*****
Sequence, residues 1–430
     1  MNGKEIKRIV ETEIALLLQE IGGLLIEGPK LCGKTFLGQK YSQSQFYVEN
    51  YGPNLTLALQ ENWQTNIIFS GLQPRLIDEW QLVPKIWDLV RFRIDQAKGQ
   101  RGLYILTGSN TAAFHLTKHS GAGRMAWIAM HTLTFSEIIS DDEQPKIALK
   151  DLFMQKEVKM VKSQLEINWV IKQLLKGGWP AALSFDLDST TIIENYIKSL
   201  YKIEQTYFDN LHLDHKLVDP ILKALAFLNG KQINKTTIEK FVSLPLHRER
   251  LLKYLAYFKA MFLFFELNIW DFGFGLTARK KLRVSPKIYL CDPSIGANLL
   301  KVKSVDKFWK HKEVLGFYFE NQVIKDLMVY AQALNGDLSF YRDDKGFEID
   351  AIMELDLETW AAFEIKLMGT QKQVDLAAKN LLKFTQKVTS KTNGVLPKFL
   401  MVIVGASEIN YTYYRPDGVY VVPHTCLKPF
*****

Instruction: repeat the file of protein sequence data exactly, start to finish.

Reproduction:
Sequence, residues 1–430
     1  MNGKEIKRIV ETEIALLLQE IGGLLIEGPK LCGKTFLGQK YSQSQFYVEN
    51  YGPNLTLALQ ENWQTNIIFS GLQPRLIDEW QLVPKIWDLV RFRIDQAKGQ
   101  RGLYILTGSN TAAFHLTKHS GAGRMAWIAM HTLTFSEIIS DDEQPKIALK
   151  DLFMQKEVKM VKSQLEINWV IKQLLKGGWP AALSFDLDST TIIENYIKSL
   201  YKIEQTYFDN LHLDHKLVDP ILKALAFLNG KQINKTTIEK FVSLPLHRER
   251  LLKYLAYFKA MFLFFELNIW DFGFGLTARK KLRVSPKIYL CDPSIGANLL
   301  KVKSVDKFWK HKEVLGFYFE NQVIKDLMVY AQALNGDLSF YRDDKGFEID
   351  AIMELDLETW AAFEIKLMGT QKQVDLAAKN LLKFTQKVTS KTNGVLPKFL
   401  MVIVGASEIN YTYYRPDGVY VVPHTCLKPF